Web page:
Whether you’re new to frugality, or an old hand at it, there are certain books that are classics in this niche. They’re worth reading if you haven’t gotten around to it. They’re also worth re-reading, especially if you’re feeling like you’ve lost your frugal “mojo”. Reading just a few pages a day of any of the following books is a great way to refresh your frugal soul, generate new ideas and get excited again about your frugal journey. It can also help you reconnect with why you’re frugal in the first place.
Sometimes we all need that extra boost, especially in a society where we are constantly bombarded by advertisements telling us we need more, and that we’re somehow not enough. So grab a copy from the library, your kindle, your bookshelf or your favorite used bookstore and rekindle your frugal fires!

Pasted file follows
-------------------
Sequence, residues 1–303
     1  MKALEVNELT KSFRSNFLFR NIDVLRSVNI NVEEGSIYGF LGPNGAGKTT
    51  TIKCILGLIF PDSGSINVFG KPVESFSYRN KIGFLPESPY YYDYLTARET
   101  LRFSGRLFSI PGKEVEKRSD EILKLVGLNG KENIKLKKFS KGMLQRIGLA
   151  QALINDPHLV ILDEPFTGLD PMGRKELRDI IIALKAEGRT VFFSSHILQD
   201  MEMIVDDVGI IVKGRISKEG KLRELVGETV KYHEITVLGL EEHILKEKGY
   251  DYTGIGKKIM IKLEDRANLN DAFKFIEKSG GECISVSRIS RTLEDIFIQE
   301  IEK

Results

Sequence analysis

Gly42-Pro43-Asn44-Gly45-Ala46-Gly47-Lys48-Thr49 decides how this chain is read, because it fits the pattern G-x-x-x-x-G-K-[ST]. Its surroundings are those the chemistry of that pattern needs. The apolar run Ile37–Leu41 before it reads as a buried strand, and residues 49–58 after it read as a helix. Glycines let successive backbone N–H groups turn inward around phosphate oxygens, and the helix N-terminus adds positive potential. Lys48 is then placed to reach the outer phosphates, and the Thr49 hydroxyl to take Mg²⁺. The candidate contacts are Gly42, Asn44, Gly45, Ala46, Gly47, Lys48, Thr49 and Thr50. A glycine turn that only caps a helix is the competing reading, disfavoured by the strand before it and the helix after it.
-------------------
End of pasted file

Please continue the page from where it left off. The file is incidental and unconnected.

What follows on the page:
Update 8/6/2015: I’m excited to announce that we’ll be reading through most of these books in the next 6 months on Frugal Moms²! I’ll have more details soon!
1. The Complete Tightwad Gazette by Amy Dacyczyn: This is considered the “Bible” of frugal living, and for good reason. Amy blazed the trail for many pennypinchers in the early 1990s with her monthly print newsletter, The Tightwad Gazette. It became very popular and garnered national media attention at a time when living so frugally was generally looked down upon. Everyone had money to burn, so why be frugal? She definitely stood out from the crowd, and in the process, changed many people’s thinking about frugality, and their lives as well.